You will need to stay comfortable, warm and dry on
the mountain, and you can do it effectively by layering.
Let’s start with the base layer.
The base layer is the layer of
clothing worn directly next to your skin and helps to draw
moisture away from your skin. Avoid cotton for this
layer as cotton will not dry and only absorb the moisture leaving you wet
underneath your outer protective layers. Look to moisture wicking materials
such as wool or polyester athletic shirts and pants to keep your body warm but
wick away the moisture from your skin to keep you dry as well.
Mid-layer is preferably fleece or technical material.
Top it with: outer-layer.
Your ski jacket and pants will protect
you from the wind, snow, moisture and winter weather elements you will encounter on the
mountain. Look for technical features and fabrics to
assist in regulating your body temperature such as zippered openings to allow
fresh air to circulate and help evaporate moisture.
Socks. Warm and dry, say it with me, warm and dry. Having
cold wet feet stuck in your ski boots can ruin your day at the resort fast,
trust me. Avoid the cotton as it will retain the moisture from that stray snow
that finds its way down your boot on those deep Utah powder runs. Again, look
to wool or a wicking material.
To keep those little digits warm look for gloves that are
waterproof and fit properly. A
proper fit will keep the glove tight against the skin making it more difficult
for the white stuff to find its way down your glove and next to those fingers.
Remember to throw in a warm well fitted hat. Did you know that
up to 85% of your bodies heat is released though you noggin? It’s true. It’s also a good layer, which you can shed easily should you start to get to warm on the ride down. I like a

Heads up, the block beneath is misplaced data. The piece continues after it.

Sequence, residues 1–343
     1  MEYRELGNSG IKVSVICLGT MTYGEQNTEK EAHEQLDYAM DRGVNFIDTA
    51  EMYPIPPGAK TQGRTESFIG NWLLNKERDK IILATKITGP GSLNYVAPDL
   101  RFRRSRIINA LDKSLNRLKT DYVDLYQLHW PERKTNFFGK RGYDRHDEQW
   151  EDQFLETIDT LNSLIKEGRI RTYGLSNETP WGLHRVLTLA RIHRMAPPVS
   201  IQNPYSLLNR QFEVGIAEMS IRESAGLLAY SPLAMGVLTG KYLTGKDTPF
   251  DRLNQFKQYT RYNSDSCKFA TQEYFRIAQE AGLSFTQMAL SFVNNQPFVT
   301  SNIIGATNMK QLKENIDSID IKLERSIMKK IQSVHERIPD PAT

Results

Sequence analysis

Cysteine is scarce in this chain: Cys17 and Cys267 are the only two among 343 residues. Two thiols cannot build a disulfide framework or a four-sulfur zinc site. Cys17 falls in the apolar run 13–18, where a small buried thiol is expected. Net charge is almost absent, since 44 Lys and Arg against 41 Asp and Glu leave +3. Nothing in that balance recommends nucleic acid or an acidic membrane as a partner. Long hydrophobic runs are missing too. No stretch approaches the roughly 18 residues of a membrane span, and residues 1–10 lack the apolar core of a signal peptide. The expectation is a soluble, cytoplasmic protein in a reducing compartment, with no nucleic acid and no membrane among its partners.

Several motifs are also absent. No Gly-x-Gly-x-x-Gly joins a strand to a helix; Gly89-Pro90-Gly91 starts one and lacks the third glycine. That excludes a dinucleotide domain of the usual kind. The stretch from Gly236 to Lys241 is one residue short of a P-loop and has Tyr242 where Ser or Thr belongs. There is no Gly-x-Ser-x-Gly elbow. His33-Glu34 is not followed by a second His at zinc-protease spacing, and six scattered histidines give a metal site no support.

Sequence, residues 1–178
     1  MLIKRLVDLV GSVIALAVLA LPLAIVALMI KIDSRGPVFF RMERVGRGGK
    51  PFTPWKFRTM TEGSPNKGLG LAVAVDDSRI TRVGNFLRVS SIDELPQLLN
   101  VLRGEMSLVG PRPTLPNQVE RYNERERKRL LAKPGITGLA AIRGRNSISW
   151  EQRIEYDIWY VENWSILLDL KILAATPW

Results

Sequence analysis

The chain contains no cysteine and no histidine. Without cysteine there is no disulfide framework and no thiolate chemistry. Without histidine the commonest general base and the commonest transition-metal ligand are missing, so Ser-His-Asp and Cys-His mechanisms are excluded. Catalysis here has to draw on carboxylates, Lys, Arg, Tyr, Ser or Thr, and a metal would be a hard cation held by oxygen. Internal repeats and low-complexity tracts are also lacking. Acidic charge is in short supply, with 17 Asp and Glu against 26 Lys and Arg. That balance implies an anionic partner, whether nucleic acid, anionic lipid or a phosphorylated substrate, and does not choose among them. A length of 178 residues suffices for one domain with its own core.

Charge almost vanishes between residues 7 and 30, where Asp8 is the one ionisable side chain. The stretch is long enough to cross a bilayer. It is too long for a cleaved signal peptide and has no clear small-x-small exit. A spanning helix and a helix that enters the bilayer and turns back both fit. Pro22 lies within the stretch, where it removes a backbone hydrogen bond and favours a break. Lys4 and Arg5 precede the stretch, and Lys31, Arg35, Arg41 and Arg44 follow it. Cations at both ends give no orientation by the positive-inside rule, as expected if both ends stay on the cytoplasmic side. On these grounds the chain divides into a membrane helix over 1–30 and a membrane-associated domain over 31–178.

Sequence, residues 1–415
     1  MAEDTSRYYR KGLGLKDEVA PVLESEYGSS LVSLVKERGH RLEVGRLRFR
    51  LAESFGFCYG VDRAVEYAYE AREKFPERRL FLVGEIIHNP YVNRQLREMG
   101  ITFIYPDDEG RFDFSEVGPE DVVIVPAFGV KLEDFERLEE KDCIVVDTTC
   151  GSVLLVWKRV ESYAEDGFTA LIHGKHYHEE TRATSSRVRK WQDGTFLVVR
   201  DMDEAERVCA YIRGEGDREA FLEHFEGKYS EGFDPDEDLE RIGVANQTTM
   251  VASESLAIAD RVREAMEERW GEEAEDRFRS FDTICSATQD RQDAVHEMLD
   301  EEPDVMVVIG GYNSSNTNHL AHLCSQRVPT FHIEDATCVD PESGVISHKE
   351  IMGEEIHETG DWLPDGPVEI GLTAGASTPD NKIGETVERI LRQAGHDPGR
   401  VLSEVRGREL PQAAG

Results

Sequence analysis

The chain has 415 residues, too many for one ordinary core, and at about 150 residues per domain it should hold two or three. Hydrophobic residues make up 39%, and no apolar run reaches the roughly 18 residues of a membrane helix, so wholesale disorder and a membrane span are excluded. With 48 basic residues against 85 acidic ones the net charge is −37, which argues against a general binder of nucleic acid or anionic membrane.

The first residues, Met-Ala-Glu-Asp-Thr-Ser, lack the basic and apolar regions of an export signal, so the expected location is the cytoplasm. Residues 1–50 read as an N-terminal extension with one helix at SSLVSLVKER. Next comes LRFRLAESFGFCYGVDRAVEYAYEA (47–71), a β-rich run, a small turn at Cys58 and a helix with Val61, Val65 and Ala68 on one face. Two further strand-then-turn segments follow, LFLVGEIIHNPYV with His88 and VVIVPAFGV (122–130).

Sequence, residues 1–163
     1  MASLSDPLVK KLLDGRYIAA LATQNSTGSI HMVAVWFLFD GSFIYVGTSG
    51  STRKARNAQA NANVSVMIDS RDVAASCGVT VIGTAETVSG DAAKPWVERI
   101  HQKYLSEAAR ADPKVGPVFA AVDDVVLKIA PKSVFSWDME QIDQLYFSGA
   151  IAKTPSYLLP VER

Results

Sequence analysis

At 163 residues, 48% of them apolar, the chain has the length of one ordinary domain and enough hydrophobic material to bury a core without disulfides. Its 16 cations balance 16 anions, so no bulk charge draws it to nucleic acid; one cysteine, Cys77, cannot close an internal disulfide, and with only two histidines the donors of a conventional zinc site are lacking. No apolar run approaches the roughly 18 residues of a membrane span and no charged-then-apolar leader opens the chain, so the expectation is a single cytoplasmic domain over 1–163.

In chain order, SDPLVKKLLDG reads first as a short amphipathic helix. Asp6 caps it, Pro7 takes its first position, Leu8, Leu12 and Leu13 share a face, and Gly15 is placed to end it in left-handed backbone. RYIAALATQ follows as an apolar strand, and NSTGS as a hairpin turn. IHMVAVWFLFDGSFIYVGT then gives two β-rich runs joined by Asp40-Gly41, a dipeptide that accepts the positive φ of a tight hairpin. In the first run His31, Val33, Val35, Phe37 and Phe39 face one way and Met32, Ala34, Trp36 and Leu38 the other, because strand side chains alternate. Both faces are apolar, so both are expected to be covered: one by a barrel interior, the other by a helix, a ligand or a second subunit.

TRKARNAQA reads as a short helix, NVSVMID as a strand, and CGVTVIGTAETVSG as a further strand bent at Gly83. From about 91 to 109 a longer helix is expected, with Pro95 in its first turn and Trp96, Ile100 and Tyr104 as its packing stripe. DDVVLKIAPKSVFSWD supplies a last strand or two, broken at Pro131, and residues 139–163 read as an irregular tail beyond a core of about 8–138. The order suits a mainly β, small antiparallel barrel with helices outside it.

thin hat that I can fit easily underneath my helmet to keep my ears toasty!
On those bluebird days, with the sun shining, don’t forget
to protect your eyes from the suns reflection off the white Utah snow with a
pair of well fitted goggles. These will also help to protect your eyes and face
from wind and snow on the slopes. And don't forget the sunscreen!
I usually have a backpack to keep snacks, a few extra
clothes, sunscreen, water, car keys, iPhone and all those small items that seem to
find their way into my purse or pockets that you will inevitably need at some
point out on the mountain. You’ll be glad you had one with you!
I always find that it’s better
to have a little too much in the cold than not enough. You can always take a
layer off when you get warm and put it right back on when you start to cool
down, and stuff in it that backpack that you brought with you.
Originally from the Pocono’s of Pennsylvania, Travis found his way to Park City three years ago and is now our grooming manager. When not in snowcat you can find him skiing or snowmobiling in the Utah backcountry or enjoying the skiing here at Park City Mountain Resort.
Nicole Roundy is a world class snowboarder on the US Paralympic Team. She is a cancer survivor, inspiration seeker, crossfit training, Park City riding superpower blogger. Follow her adventures right here. You can also spy her on twitter (@nicoleroundy) and Instragram (@nroundy)